color: #0088cc;
}

.clickable:hover {
  text-decoration: underline;
}

And JavaScript:

js/scripts.js
$(document).ready(function() {
  $(".clickable").click(function() {
    $(".walrus-showing").toggle();
    $(".walrus-hidden").toggle();
  });
});

Ah, that's much better now. When you're writing JavaScript (and CSS), it's a good idea to use classes to be specific about the elements you want to select. But keep in mind, if you have more than one thing on the page that can change, you might want to use one class for your CSS and another class for of each of the actions. For example, if your page had one place that let you show and hide a walrus, and another place that let you show and hide an emu, you might have both clickable <span>s styled with the clickable class, but one <span> with the toggle-walrus, and the other with a toggle-emu class.

Speaking of being specific, it feels wrong to me to use the classes walrus-hidden and walrus-showing. We're supposed to use classes to identify similar parts of our pages that should look and act the same. For our clickable span, using a class makes perfect sense: we have two places on the page where we use it, and I can imagine that our website could potentially use it in many, many more places. But walrus-hidden and walrus-showing really couldn't be re-used anywhere else on this page - these sections should be unique. Often, this is the case with JavaScript: we want to identify a unique part of the page that should be changed when a unique event happens. For this case, we can use an id. Check it out:

peek-a-boo.html
<body>
  <div class="container">
    <h1>Peek-a-boo</h1>
      <p><strong>Peek-a-boo</strong> is an ancient game riddled in mystery and deceit. Though it appears to be an innocent children's pastime, you may change your mind when you learn of its treacherous history.</p>

    <div id="walrus-hidden">
      <p>Let's play peek-a-boo. <span class="clickable">Click here</span> to see the surprise!</p>
    </div>

    <div id="walrus-showing">
      <p>What a cute walrus! <span class="clickable">Click here</span> to hide her again.</p>
      <img src="img/walrus.jpg">
    </div>
  </div>
</body>

Now, we change our CSS like this:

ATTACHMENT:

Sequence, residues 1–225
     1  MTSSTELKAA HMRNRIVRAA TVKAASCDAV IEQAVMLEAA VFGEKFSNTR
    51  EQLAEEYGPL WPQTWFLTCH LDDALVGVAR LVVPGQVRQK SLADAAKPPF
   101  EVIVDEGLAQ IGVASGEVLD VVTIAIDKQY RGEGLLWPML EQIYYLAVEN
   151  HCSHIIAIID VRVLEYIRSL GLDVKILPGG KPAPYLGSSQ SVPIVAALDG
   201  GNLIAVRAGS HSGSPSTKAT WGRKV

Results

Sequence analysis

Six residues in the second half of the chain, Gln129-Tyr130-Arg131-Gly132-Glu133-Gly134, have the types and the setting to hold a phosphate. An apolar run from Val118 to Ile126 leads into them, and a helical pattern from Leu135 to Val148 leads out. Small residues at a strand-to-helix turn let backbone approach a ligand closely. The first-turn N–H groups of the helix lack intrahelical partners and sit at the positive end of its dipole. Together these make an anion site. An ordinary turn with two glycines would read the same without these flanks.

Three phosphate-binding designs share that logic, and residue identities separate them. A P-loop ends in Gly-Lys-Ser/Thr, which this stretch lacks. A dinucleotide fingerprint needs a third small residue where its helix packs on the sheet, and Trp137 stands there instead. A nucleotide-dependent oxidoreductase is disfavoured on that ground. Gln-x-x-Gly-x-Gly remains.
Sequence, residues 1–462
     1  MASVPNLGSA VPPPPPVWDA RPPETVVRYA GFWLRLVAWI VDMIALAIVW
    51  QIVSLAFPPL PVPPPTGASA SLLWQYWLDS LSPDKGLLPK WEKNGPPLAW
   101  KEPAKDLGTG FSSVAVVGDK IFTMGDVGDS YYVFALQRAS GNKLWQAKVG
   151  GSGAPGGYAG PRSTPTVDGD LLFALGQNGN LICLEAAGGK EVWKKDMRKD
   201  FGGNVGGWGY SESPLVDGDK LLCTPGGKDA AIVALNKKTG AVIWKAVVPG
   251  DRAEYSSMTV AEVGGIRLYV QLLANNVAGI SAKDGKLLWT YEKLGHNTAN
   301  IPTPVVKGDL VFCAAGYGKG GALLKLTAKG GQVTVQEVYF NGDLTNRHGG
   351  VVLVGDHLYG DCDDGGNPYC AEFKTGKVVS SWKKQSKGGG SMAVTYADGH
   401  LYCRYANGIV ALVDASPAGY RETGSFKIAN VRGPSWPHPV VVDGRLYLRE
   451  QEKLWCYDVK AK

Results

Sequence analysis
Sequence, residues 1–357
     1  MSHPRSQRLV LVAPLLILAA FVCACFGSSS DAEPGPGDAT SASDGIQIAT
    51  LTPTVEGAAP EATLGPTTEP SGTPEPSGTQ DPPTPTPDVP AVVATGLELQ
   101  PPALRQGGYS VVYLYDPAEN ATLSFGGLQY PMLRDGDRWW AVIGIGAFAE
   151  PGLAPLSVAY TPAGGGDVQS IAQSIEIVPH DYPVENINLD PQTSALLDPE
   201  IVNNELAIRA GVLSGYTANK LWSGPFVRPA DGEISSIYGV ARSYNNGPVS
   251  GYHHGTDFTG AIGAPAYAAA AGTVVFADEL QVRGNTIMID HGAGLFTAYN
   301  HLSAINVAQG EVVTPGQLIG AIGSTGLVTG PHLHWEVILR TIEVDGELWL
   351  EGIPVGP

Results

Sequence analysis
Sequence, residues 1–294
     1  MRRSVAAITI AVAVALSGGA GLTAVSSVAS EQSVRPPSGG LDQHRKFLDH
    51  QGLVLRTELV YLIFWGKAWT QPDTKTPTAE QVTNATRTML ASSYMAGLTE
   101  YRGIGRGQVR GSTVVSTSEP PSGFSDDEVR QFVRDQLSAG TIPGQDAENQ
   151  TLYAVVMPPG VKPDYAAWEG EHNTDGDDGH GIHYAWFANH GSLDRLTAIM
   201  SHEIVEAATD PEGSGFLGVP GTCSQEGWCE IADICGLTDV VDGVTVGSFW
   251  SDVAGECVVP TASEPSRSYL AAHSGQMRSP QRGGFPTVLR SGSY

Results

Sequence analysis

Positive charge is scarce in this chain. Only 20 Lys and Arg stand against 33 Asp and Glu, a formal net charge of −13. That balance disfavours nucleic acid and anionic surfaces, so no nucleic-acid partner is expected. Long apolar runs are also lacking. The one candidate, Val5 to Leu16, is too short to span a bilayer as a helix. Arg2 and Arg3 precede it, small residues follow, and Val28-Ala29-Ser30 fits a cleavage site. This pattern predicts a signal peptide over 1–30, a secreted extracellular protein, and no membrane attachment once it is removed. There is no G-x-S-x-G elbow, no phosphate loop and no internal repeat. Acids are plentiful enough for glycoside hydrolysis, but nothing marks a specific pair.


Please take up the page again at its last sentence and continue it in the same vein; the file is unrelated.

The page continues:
css/styles.css
#walrus-showing {
  display: none;
}

And our JavaScript like this:

js/scripts.js
$(document).ready(function() {
  $(".clickable").click(function() {
    $("#walrus-showing").toggle();
    $("#walrus-hidden").toggle();
  });
});

So, what's the difference between a class and an ID, except that we use a . to select a class and a # to select an ID? Nothing, really, except that you can only use an ID once on a page, and you can use a class as many times as you want. But by using an ID, you can be clear that you're referring to one particular thing, rather than potentially referring to several.

We could actually go one step further in thinking about how to make our code re-usable. Instead of calling the IDs walrus-showing and walrus-hidden, we could call them initially-hidden and initially-showing. That way, we could re-use this code on other pages that have the same kind of toggling functionality.

Now, a quick lecture before you move on to practicing all that you've just learned. When we use JavaScript to manipulate the page, we haven't changed the source code. No matter how much we change the page with JavaScript, if you hit the Refresh button in your browser, it will go back to the initial state. What JavaScript is doing is manipulating the Document Object Model, or DOM. The DOM is your browser's interpretation of the HTML it reads. If you inspect an element of the page, you're actually seeing the DOM, not the HTML. Try inspecting the page we've been working on, and then click the click here part that changes the page. You can see in the inspector that the DOM changes.

If you'd like to do some further reading about what the DOM actually is, check out this article by Chris Cormier from CSS tricks.

Now, try these concepts out on your own pages. Add JavaScript to hide and show various elements. Use id's and classes to keep things neat and tidy. Additionally, here are a few other jQuery methods to try out:

  • fadeIn()
  • fadeOut()
  • fadeToggle()
  • slideDown()
  • slideUp()
  • slideToggle()

Play around with them to get practice using these simple jQuery effects!

Terminology


  • The Document Object Model, or DOM, is your browser's interpretation of the HTML it reads. When JavaScript changes the page, it updates the DOM, not the HTML.

Tips


  • Use classes (e.g. .my-class) for things that are on the page multiple times. Use IDs (e.g. #my-id) for something that is unique on the page.

Examples


Show, hide, and toggle elements:

$(".my-class").show();
$(".my-class").hide();
$(".my-class").toggle();

Make a class look like a link:

.clickable {
  cursor: pointer;
  color: #0088cc;
}

.clickable:hover {
  text-decoration: underline;
}